Appeal, No. 16, April T., 1960, by claimant, from decision of Unemployment Compensation Board of Review, No. B-53188, in re claim of William DeArment. Decision affirmed.
L. Ivan Hudson, with him John D. Ray, and Ray, Good & Hudson, for appellant.
Sydney Reuben, Assistant Attorney General, with him Anne X. Alpern, Attorney General, for Unemployment Compensation Board of Review, for appellee.
Before Rhodes, P.j., Gunther, Wright, Woodside, Ervin, Watkins, and Montgomery, JJ.
[ 192 Pa. Super. Page 601]
This is an unemployment compensation case in which the Bureau of Employment Security, the Referee and the Unemployment Compensation Board of Review all held that the claimant, William DeArment, was disqualified for benefits under the provisions of § 402(a) of the Unemployment Compensation Law, 43 PS § 802(a).
Section 402 (a) of the Unemployment Compensation Law, supra, provides as follows: "Ineligibility for Compensation - An employe shall be ineligible for compensation for any week - (a) In which his unemployment is due to failure, without good cause, either to apply for suitable work at such time and in such manner as the department may prescribe, or to accept suitable work when offered to him by the employment office or by any employer irrespective of whether or not such work is in 'employment' as defined in this act: ..."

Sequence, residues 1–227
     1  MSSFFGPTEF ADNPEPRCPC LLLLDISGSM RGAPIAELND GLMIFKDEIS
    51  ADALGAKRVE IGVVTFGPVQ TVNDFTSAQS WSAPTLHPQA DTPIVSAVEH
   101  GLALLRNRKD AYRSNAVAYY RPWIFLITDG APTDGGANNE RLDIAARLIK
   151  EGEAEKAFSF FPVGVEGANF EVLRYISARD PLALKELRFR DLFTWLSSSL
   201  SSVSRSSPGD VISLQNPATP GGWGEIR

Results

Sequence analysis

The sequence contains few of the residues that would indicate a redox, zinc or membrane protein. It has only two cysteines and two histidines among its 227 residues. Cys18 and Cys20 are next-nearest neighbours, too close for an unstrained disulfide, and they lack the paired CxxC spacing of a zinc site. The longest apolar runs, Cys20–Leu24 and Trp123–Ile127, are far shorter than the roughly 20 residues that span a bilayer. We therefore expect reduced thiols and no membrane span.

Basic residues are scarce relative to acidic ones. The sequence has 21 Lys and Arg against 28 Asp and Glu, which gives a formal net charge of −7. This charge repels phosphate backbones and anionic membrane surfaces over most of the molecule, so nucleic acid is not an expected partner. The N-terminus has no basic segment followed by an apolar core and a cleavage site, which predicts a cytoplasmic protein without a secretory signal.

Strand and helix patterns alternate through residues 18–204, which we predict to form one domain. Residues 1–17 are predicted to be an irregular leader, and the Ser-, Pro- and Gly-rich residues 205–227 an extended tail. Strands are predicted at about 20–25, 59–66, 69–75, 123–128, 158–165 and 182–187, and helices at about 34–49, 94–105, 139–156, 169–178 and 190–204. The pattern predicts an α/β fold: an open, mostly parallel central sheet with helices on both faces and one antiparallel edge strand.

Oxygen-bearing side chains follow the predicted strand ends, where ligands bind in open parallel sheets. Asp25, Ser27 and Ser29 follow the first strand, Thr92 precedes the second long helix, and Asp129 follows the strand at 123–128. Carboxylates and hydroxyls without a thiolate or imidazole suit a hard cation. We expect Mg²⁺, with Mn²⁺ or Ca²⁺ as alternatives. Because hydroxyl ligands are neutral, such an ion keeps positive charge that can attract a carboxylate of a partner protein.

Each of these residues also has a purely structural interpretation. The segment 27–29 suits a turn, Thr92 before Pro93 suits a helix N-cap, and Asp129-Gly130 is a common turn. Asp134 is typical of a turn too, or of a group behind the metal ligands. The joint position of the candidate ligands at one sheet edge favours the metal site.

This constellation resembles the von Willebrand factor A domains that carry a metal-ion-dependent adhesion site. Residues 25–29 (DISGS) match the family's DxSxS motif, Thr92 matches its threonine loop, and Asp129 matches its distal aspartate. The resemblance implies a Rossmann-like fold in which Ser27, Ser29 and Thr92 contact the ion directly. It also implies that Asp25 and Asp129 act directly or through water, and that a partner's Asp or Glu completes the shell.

The claimant was last employed as a truck driver and earned $80 weekly. He was laid off on April 10, 1959. On May 13, 1959, he was offered a referral as a
[ 192 Pa. Super. Page 602]
salesman at $75 weekly, plus commission. The record shows that he made no effort to seek this job opening and his reasons were that he had not been successful when he previously worked as a salesman; he did not have the proper clothes and he felt his physical appearance was against him in sales work, as he weighed approximately 400 pounds. He had four years prior experience as a salesman.
Here, it is admitted that the claimant never stated to the employment authorities that he did not believe the referred job was suitable for him but he accepted the card and then failed to follow through with it. There may have been a question of suitability of the proffered job in this case if the claimant had shown good faith and his availability for work by following through on the referral. He may then have been in a position to establish to the satisfaction of the fact-finders that his weight problem made the referred job unsuitable. His failure to explore the possibility of a job in the referral of May 19, 1958, was indicative of a want of good faith, rendering him ineligible for unemployment compensation benefits. "A claimant who seeks benefits must at all times be ready and willing to accept suitable employment from the employment office, or from any employer, and must have substantive and reasonable grounds for refusing offered work." Raiskin ...